Championing the “art of the people” by reconsidering a century-old label
Why do we differentiate folk art from fine art? “Collecting Stories: The Invention of Folk Art” takes on this seemingly simple question by reconsidering works from the MFA’s Karolik Collection of American Folk Art. In the 1940s, Maxim Karolik, a Russian immigrant who became an authority on American art, championed including folk art in an encyclopedic museum—shaking up established standards. MFA curators resisted the idea at first, and although they ultimately accepted the value of folk art, they remained reluctant to display it alongside the Museum’s so-called fine art. Today, the MFA commends Karolik’s visionary steps to diversify the MFA collection and to make it more inclusive.
The exhibition tells the history and evolution of the term folk art, a cultural construction invented in the early 20th century by artists, collectors, and curators who sought a distinctive American art. The objects on view are emblematic of what came to be called folk art: works that offer insight into everyday American life by painters, hobbyists, and skilled artisans without a formal arts education. The paintings on velvet, watercolors, marble-dust drawings, portraits, and decoys on view are by creators working outside the traditional art canon, free from the strict rules of academic training and impelled by trade, craft, community, creative impulse, or affirmation of identity. Acknowledging that Karolik’s support for the “art of the people” still reflected the prejudices and access of his time—by not including work by African Americans or Latin Americans, for example—the exhibition explores how we can better interpret and define these types of work inclusively, in a manner that best suits the needs, desires, and values of today’s audiences.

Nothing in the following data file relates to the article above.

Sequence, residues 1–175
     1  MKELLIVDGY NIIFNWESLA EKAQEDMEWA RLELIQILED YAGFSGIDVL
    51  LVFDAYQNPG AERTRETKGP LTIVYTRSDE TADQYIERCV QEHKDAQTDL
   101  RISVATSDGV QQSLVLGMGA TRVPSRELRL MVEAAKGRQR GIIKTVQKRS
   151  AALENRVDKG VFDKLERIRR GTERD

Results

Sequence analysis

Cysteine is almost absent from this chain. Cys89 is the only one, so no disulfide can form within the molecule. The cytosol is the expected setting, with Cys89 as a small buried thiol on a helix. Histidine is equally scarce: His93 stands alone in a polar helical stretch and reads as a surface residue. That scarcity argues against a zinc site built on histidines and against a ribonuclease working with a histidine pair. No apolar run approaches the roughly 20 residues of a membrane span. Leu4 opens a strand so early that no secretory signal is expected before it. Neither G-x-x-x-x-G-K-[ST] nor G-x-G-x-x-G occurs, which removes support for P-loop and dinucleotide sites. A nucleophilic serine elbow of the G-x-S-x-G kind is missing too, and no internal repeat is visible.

“Collecting Stories: The Invention of Folk Art” marks the beginning of the MFA’s multiyear initiative exploring how to better understand and display artwork historically labeled as folk art. This is the third in a series of three exhibitions funded by the Henry Luce Foundation that uses understudied works from the MFA’s collection to address critical themes in American art and the formation of modern American identities.